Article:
Abhishek Parajuli/The Guardian
Xi Jinping, the Chinese president, is not a man predisposed to smiling. And yet, as I watched Donald Trump outline his Afghanistan strategy, I could easily imagine his face lighting up. If there is one clear winner of the new approach in Afghanistan, it is China.
The sternest rebuke in Trump’s speech was aimed at Pakistan. He called on Islamabad to “demonstrate its commitment to civilisation, order and peace” and said that the US could no longer stay silent about its “safe havens for terrorists”. While previous administrations have also voiced concerns, Trump decided to skip any subtlety and take a primetime dig at a non-NATO ally.
This is a serious strategic mistake. While Pakistan has harbored militants, its role has also evolved. It helps the US and its allies fight al-Qaida and the Taliban. It is also a crucial supply route for NATO troops in Afghanistan. The speech threatens to push Pakistan closer to China and jeopardises the fragile civil-military balance in the south Asian nation. In one speech, Trump has undone years of careful diplomacy in the region.
Pakistan’s close relationship with China goes back to 1950, when it became one of the first countries to recognize the new communist regime. The bonds are now so close they pose a threat to Indian and US interests. Beijing is planning to invest more than $55bn as part of the China- Pakistan Economic Corridor.In March, its soldiers marched in a foreign parade during Pakistan’s national day celebrations.
In a clear sign that Trump’s speech will bring the two even closer, China rushed to defend its ally Pakistan “is at the frontline of fighting terrorism”.
Close ties between China and Pakistan are a problem for the US because it wants to use India to counterbalance China’s rise in the region. China supplies arms and funds to Pakistan, partly to keep tensions high on its border with India. A Pakistani ambassador to the US admitted as much when he called his country “a low-cost secondary deterrent to India”. With India distracted, China can then grow unchallenged in the region. Keeping Pakistan on side and preventing China from becoming its primary patron is thus crucial for the US.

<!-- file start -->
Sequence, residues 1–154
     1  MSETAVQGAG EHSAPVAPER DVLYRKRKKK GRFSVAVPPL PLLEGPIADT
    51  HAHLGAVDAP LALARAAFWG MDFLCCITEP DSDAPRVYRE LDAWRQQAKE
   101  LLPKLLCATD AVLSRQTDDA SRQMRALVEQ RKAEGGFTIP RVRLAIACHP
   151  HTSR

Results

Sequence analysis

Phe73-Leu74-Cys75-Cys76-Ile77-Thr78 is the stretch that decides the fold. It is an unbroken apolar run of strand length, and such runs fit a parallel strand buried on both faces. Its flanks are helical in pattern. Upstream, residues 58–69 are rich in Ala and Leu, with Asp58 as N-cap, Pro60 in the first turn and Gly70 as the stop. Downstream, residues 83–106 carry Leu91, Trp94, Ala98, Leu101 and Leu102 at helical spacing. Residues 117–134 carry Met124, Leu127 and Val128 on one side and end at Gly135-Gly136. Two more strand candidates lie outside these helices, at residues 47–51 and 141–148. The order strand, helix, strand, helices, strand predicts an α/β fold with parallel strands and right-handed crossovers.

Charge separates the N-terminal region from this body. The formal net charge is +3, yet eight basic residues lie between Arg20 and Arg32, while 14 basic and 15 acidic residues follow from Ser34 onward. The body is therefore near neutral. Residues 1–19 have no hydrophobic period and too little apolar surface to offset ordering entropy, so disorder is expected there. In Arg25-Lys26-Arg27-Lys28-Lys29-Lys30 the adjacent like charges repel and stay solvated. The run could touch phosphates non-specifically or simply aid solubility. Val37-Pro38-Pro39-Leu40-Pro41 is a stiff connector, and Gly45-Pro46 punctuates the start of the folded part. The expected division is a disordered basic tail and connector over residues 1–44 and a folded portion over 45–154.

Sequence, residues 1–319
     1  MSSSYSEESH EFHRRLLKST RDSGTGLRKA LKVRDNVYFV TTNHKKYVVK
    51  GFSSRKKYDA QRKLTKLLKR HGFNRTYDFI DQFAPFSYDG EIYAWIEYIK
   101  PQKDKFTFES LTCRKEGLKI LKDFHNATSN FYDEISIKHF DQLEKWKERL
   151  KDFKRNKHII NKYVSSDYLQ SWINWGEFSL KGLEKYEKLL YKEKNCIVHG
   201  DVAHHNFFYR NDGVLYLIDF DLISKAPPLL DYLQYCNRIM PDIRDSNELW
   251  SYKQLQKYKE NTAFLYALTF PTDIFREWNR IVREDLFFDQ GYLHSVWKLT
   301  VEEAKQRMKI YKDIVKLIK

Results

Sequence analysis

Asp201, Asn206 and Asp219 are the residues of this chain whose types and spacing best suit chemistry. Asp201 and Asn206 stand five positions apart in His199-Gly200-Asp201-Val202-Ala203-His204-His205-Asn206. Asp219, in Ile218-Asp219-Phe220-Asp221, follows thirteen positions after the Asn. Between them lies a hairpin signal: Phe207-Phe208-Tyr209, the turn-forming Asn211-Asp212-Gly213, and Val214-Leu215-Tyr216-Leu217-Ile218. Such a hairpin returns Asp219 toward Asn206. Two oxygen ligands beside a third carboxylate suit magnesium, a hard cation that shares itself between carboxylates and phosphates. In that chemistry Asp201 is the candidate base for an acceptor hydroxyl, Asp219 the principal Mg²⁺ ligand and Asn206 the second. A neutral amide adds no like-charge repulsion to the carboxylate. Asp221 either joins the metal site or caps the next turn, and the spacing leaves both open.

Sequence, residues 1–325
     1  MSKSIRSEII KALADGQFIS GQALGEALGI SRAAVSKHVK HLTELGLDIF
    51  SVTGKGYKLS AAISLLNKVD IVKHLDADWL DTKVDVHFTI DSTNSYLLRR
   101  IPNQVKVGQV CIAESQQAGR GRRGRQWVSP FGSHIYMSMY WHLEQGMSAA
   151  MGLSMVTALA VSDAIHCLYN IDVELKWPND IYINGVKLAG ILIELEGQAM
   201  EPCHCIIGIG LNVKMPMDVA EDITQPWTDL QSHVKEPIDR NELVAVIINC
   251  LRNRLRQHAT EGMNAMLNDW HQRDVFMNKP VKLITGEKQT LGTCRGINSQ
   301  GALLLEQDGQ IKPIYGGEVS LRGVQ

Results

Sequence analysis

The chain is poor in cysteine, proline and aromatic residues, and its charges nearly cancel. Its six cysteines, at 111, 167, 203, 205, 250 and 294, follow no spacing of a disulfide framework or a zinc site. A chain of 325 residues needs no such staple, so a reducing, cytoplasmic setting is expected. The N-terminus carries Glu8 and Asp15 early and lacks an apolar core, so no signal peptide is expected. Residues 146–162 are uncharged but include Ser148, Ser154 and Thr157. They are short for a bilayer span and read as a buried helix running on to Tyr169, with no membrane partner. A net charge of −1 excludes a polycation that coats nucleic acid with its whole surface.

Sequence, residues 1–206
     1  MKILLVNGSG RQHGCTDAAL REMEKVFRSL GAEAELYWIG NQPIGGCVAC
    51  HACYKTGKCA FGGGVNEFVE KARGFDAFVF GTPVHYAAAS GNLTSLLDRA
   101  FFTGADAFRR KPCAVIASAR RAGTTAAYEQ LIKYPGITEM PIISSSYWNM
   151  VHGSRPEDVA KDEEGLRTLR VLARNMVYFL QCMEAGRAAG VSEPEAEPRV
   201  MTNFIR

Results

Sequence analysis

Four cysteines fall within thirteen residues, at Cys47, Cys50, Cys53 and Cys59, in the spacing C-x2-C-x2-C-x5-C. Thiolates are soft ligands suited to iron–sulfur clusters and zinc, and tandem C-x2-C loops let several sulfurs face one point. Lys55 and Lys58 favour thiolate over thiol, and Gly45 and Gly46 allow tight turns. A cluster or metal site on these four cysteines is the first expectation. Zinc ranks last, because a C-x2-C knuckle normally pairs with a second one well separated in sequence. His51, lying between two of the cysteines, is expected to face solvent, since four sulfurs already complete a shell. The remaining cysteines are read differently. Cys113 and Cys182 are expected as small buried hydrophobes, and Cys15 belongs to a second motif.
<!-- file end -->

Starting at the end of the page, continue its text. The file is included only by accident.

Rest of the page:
The civilian government in Pakistan will also suffer because of Trump’s speech. The military in Pakistan has used the threat of India as a bogeyman to get a large slice of the budget and resist civilian meddling. Its influence has grown so large that some local television stations have instituted a 30-second buffer in live broadcasts to mute any criticism of the army.
The likelihood of a military coup in Pakistan would increase in the absence of a strong benefactor supporting democracy
Recently, the US has been an ally for Pakistan’s civilian governments struggling to rein in the army. A 2011 diplomatic crisis illustrates this: the then-Pakistani ambassador to the US, Husain Haqqani, was forced to resign for compiling a memo asking the US to help avert a coup by his own army. No such call would ever go out to Beijing, because it has no soft spot for democracy. The likelihood of a military coup in Pakistan would increase substantially in the absence of a strong benefactor supporting democracy.
Finally, the speech was also counterproductive because of the call on India to “help more with Afghanistan”. Inviting Pakistan’s nuclear rival to intervene in Afghanistan is wholly counterproductive if the aim is to get Islamabad to back off. What is more, any hint that India is expanding activities in Afghanistan – militarily or otherwise – would again allow the Pakistani army to raise the specter of Indian encirclement and tilt the civil-military balance in its favor.
There is a reason diplomacy is generally bereft of loud posturing. It is detrimental when dealing with complex issues, like an ally that is both wayward and critical. Barack Obama understood this as US president, and pressed Pakistan more subtly. Trump, as usual, has failed to grasp any nuance, choosing posturing over real effective diplomacy. A maestro of own goals, he has struck another one for US foreign policy.
(Abhishek Parajuli is Clarendon scholar at the University of Oxford)